One Guitar is thus an exuberant celebration of the instrument -- an instrument long disabused in pop music, which usually calls only one of its strengths into play at a time: rhythm, melody or harmony. But in a style all his own, Kottke embraces each, building arrangements that draw from the complexities of jazz and classical composition without losing the personality, the infectiousness and the broad range of expression that American blues, jazz and folk music have to offer. One Guitar documents one of those rare bridges between the past and the future of traditional music. It's so entertaining, in fact, you won't mourn the absence of Kottke's deadpan humor and distinctive Western baritone. Besides which, you know he won't be able to keep quiet for very long.
As with any instrumentalist worth his salt, Kottke is at heart a storyteller; and so even if you overlook his famously funny liner notes, which offer totally unreliable insight into each song, there's a sense of narrative that carries you along. Call it a soundtrack for real life -- let it play in the background, and whatever you happen to be doing takes on a kind of cinematic quality. It's the kind of music that makes walking to the store seem, oh, like it's going somewhere. But I don't want to saddle an unsuspecting musician with too much of that, especially when in his own words, "music is as non-human as [a] wetsuit. It reminds you of stuff, you dress it in experience, and you introduce it as if it were human..." but in fact it's something else entirely (and if you want to know exactly what, you'll have to get ahold of One Guitar, No Vocals and read the liner notes yourself).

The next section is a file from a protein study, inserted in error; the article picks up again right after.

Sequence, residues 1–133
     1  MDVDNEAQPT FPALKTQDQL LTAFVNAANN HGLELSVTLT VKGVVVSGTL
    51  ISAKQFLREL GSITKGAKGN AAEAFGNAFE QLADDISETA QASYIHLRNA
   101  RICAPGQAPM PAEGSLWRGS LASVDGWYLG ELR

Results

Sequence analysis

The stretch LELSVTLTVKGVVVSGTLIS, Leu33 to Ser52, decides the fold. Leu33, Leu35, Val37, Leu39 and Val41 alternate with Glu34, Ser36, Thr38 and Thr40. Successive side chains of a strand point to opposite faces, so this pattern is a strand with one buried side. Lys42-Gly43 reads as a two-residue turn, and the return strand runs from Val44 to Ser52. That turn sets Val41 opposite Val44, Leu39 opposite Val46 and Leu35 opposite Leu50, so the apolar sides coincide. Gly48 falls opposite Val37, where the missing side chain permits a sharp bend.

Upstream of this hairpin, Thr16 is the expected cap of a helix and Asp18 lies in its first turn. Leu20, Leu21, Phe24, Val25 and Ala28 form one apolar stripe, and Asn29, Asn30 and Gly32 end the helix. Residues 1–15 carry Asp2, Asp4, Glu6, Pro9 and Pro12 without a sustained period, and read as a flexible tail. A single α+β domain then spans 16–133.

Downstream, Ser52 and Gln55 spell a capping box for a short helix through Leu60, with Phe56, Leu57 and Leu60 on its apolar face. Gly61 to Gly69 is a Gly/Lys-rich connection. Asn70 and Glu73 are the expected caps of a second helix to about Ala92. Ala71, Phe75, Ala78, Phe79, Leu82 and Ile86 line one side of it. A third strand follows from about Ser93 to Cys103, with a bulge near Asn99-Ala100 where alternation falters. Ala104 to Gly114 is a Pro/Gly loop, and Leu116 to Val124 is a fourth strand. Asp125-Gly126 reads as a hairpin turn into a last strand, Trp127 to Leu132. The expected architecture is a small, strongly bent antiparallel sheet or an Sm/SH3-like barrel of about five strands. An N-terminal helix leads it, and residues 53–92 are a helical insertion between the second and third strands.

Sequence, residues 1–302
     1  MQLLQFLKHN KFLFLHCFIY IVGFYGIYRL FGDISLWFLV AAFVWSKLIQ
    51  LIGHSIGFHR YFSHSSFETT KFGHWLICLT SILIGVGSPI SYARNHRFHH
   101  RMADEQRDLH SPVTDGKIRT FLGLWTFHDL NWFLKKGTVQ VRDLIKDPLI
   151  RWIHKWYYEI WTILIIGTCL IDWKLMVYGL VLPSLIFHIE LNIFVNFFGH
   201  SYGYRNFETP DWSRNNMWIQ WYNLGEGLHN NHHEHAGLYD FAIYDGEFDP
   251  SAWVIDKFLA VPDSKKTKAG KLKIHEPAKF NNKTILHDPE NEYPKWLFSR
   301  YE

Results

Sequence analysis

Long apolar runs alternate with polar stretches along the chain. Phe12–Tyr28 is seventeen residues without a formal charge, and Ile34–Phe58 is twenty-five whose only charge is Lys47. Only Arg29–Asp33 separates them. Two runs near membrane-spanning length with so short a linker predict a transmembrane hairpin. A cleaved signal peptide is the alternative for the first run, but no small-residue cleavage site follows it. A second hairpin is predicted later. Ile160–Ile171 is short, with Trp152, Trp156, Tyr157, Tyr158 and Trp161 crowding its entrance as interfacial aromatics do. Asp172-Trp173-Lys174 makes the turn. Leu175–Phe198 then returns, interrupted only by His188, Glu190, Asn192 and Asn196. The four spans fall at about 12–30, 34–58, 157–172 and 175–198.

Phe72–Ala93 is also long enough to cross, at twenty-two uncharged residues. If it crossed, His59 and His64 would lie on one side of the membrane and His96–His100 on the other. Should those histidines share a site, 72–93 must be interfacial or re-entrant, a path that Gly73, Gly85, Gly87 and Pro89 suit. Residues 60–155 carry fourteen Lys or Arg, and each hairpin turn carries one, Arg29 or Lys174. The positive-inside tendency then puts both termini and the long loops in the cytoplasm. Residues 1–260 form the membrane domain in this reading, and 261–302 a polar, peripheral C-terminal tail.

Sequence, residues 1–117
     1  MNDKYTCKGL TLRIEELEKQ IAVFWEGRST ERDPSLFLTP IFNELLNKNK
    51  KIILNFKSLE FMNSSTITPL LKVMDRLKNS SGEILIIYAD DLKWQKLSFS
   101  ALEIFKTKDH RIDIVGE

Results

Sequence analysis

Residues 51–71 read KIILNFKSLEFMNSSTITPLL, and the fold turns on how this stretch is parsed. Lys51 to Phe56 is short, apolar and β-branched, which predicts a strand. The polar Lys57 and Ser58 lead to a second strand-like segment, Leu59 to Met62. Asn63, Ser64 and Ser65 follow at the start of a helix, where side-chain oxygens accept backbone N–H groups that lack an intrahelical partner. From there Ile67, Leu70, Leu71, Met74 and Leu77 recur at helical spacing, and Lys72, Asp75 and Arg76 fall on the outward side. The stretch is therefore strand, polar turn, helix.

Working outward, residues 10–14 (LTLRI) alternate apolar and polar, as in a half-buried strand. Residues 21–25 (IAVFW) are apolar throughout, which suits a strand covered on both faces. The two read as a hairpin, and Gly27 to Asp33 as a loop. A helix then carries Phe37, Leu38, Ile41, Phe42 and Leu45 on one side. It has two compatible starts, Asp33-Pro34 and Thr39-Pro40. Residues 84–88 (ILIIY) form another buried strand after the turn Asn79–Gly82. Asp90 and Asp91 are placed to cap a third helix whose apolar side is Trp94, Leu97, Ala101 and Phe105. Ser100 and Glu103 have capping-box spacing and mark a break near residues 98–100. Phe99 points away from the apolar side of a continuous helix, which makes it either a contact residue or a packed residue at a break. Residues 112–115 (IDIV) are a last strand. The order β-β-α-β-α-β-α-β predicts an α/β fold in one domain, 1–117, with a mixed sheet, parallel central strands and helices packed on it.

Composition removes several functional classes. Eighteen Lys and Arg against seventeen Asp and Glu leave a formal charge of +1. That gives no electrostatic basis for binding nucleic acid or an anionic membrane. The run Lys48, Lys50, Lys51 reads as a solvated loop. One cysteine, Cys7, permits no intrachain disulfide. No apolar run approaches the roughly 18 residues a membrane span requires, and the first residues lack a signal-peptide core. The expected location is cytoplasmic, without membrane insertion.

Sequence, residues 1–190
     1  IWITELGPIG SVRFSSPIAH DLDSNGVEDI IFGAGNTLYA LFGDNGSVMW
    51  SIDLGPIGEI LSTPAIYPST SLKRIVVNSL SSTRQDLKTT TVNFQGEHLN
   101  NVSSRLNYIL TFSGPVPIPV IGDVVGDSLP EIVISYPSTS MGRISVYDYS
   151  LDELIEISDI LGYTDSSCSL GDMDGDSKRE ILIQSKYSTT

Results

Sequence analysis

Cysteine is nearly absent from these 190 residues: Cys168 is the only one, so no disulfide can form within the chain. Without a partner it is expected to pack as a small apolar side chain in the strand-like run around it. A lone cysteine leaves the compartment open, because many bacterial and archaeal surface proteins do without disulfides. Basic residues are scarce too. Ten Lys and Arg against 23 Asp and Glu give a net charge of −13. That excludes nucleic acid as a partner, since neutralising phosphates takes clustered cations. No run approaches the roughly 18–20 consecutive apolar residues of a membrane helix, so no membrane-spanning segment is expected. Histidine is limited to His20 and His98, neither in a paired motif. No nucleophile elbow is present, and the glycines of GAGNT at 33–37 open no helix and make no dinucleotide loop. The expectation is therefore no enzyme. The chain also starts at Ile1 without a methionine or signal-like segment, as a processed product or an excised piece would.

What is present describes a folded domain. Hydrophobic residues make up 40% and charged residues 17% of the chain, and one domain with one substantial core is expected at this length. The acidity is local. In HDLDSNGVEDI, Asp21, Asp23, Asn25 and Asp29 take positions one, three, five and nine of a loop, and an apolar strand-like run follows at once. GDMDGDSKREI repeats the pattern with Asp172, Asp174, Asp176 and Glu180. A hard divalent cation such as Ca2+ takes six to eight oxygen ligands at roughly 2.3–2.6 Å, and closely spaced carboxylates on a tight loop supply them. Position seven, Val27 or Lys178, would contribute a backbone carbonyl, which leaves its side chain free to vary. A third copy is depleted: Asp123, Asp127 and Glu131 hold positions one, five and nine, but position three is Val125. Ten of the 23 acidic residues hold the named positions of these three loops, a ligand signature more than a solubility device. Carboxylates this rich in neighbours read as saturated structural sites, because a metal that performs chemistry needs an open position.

Such a player does well in the studio, and these perfectly produced digital tracks guarantee you won't miss a single note. It's a lovely collection for guitar purists. But live performance is the real Kottke legacy, with that peerless playing coupled by an equally inimitable stage presence. It's almost as much fun to listen to him talk as it is play. If he really believes that about music being inanimate, he's certainly tried to make up for it, touring endlessly over the last 25 years to give it a human face. And nobody but he would say the Kottke catalog, instrumental and lyric alike, is anything but full of life...and life at its finer moments, at that.
Leo Kottke performs at 8 p.m. Friday and Saturday, August 27 and 28, at the Temple of Music and Art, 330 S. Scott Ave. Tickets are $18 and $20, available at Hear's Music, CD City, or by phone at 327-4809 ($1 service charge). In Concert! members receive a $2 discount on all tickets.